“When you pass through the waters, I will be with you; and when you pass through the rivers, they will not sweep over you. When you walk through the fire, you will not be burned; the flames will not set you ablaze.” -Isaiah 43:2

Remembering God’s Fingerprints In Your Life

The other night, after I sang my sweet 2 year old baby girl to sleep, I walked into her twin brother’s room to tuck him in. I laid on the floor with my arm around him on his new, big boy, toddler bed. I was exhausted from the day and thought perhaps I could get away with just singing one verse of his favorite song. After I finished and I tried to get up, he wouldn’t let me go. He wrapped his little arm around my neck, pulled me in close, and said, “No mama, song! Stay. Snuggle.” He was so confident that mommy would stay with him and sing a few more songs because He knows me and that’s what I do every other night. My heart melted into a puddle right there on the floor as I continued singing to him and watched him slowly drift off to sleep.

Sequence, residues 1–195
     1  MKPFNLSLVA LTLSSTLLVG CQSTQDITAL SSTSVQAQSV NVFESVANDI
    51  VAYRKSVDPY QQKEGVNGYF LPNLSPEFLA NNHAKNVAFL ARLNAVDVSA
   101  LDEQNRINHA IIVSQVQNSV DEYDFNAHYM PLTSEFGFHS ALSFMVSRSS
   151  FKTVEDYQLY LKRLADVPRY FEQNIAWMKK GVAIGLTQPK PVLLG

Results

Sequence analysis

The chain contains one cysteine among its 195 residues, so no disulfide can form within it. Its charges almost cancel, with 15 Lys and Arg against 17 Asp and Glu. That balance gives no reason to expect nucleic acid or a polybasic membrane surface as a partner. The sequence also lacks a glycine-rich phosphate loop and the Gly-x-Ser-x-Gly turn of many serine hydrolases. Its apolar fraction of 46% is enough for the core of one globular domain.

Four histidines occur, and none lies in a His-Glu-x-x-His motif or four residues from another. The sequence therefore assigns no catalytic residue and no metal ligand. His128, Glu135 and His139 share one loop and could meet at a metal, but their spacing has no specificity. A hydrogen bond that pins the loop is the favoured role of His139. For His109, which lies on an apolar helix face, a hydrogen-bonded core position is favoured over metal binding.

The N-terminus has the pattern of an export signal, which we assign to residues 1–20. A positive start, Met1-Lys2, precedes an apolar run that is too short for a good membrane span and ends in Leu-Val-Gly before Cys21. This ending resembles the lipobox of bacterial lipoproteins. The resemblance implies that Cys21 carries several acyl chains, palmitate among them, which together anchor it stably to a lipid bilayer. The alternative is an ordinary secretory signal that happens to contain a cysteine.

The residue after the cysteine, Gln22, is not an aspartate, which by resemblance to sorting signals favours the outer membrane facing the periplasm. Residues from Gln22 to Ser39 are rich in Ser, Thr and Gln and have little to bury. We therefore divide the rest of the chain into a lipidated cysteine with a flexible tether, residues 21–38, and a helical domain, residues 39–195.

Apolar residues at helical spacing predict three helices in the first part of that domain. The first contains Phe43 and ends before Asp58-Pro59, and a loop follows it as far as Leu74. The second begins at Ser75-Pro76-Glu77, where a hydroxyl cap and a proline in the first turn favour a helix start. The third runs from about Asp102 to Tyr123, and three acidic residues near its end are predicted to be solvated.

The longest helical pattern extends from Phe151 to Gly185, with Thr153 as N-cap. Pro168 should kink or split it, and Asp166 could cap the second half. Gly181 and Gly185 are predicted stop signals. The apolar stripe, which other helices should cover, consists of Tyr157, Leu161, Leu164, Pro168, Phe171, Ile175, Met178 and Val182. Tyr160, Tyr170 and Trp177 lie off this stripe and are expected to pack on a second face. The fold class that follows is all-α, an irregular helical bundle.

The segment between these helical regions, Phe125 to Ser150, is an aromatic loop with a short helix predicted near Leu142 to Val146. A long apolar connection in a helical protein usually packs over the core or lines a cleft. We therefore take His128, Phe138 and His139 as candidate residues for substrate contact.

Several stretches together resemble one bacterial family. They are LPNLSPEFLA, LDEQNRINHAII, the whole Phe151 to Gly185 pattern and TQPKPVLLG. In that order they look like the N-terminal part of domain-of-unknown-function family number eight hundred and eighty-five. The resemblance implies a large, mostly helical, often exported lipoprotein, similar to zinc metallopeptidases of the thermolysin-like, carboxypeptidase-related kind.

I don’t have to look too far back in my life to see God’s fingerprints and be reminded of His provision and faithfulness. But unlike my son, who can remember how many songs I sing to him every night, sometimes I forget. Can you relate? After 430 years in slavery (Exodus 12:40), God delivered the Israelites out of Egypt and out from under Pharaoh’s rule in a mighty display of His power, dominion and glory. He sent 10 horrendous plagues, parted the Red Sea allowing the Israelites to escape from slavery into freedom, and when they were hungry God made bread fall from the sky (literally) (Exodus 16:4). But, they quickly forgot, complained and traded in the promises of God for broken cisterns that could not satisfy. And 2,000 years later, not really all that much has changed. We still behave like the Israelites who completely forgot and dismissed what the Lord did and said because our present circumstances aren’t quite unfolding the way we expect them too.